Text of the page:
Community groups concerned with affordability issues in the Austin housing market are pushing City Council to approve language for a bond proposal in November that could raise $300 million to build more homes and fund programs related to housing opportunities.
A political action committee called Affordable Housing Bond PAC was organized this month to help coordinate activities related to the bond proposal, which would replenish the mostly exhausted $250 million voters approved in 2018.
Those involved in pushing the bond package will hold a campaign kickoff next Thursday morning at the Learning Center at Jordan at Mueller. Proponents will discuss how inflation pressures, Austin’s continued popularity and the lack of privately funded affordable housing makes $300 million the minimum they feel Council should approve.
“If we take an honest assessment of where we’re at, since it seems like we’ve nearly spent down the $250 (million), then we have to ask ourselves what happens if we let our deeply affordable housing programs run out of money, and what would be the consequences for the community,” said Joao Paulo Connolly, organizing director for the Austin Justice Coalition and a spokesperson for the housing bond campaign.
“We want to push the ball and get (Council) to take the next step. We know what we accomplished with previous bonds but there is a very unpredictable landscape around construction costs and the effects of inflation so there are some unknowns.”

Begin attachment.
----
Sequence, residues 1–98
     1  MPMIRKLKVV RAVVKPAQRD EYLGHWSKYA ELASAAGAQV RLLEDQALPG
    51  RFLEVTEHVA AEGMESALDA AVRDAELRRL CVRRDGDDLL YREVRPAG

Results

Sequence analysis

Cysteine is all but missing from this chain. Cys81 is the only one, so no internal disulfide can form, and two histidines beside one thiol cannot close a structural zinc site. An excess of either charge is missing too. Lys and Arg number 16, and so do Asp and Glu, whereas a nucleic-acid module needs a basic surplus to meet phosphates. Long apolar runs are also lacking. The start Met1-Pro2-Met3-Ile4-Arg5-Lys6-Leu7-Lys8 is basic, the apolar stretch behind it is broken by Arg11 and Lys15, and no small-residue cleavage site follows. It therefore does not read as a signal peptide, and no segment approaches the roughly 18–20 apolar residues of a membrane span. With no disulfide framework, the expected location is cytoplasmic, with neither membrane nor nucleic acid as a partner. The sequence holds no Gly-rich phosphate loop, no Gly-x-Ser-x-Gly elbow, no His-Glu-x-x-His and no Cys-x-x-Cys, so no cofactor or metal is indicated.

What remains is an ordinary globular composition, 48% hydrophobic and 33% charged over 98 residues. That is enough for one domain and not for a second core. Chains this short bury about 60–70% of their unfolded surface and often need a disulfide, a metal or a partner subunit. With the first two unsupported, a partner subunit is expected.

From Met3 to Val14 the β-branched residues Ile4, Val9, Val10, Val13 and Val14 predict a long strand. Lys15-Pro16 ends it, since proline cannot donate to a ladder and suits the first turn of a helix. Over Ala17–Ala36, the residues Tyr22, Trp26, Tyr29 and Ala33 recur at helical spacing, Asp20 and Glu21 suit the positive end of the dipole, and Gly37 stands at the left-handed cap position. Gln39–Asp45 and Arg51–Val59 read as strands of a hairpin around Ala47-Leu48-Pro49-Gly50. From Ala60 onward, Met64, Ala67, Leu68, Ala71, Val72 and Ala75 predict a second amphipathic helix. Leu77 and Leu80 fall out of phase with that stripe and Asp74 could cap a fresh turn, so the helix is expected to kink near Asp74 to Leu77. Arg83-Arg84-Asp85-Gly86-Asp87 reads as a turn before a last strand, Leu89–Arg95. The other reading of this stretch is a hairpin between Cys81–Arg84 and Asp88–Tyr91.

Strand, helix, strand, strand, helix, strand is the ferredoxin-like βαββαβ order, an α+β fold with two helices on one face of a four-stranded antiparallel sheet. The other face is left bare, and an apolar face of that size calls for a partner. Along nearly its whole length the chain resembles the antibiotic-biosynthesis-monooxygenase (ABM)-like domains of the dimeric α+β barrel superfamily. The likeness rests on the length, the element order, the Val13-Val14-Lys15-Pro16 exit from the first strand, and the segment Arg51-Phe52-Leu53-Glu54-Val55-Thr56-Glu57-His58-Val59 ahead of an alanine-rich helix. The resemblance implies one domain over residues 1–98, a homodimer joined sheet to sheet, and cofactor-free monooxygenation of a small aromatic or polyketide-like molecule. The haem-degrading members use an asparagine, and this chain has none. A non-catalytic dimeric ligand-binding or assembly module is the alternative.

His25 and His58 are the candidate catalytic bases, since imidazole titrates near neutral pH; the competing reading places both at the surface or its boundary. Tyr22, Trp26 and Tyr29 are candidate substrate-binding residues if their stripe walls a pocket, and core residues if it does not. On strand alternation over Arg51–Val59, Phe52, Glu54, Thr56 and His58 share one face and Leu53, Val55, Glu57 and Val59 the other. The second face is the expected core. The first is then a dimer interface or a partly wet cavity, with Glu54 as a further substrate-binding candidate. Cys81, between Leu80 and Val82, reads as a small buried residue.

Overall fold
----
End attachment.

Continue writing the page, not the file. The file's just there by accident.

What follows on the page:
Data gathered by HousingWorks Austin showed the city’s three most recent affordable housing bond packages have helped to build more than 6,700 homes accessible for low-income families, with over 5,400 of those affordable for households earning $88,250 or less per year. There were also more than 3,800 affordable rental units created from those bond packages, with nearly 800 units of permanent supportive housing for the homeless built, and nearly 900 homes repaired to preserve affordability since 2017.
Connolly said Mayor Steve Adler and Council members have mostly listened to what leaders involved in creating affordability have said they need to continue the recent pace of construction. That pace or more is needed to combat rental rates that have increased 30 percent or more on average throughout the city over the past year.
Council is expected to discuss details of the bond package at its late-July meeting, with approval of ballot language expected by mid-August.
“The last (housing bond) was $250 million without inflation and construction costs and a number of other challenges. So if we want to continue this meaningful work I don’t think we should put a bond on the ballot that’s less than $300 million,” Connolly said. “How far above $300 million Council wants to go or if they would prefer to live with $300 million, that’s an open question and they’ll have to assess what their constituencies will get behind.”
While single-family homes have become historically expensive and scarce in recent years, concerns over a national recession may be cooling demand somewhat and causing some investment properties to be up for grabs. Data just released from Reventure Consulting show in May and June there were more than 3,800 new listings of homes for sale, with records going back to 2017 showing local inventory mostly flat.
Even with that moderate change, affordable housing supply needs to be created via public mechanisms, said Walter Moreau, executive director of Foundation Communities.
“The 2018 bond made a difference for thousands of families but it hasn’t totally solved the problem. You can’t escape the fact that housing is capital intensive and so if we want Austin to still be a diverse community without pricing out the people like teachers, musicians and folks who work retail jobs, then we have to come up with the capital to build affordable housing.”
Photo by BrokenSphere, CC BY-SA 3.0, via Wikimedia Commons.
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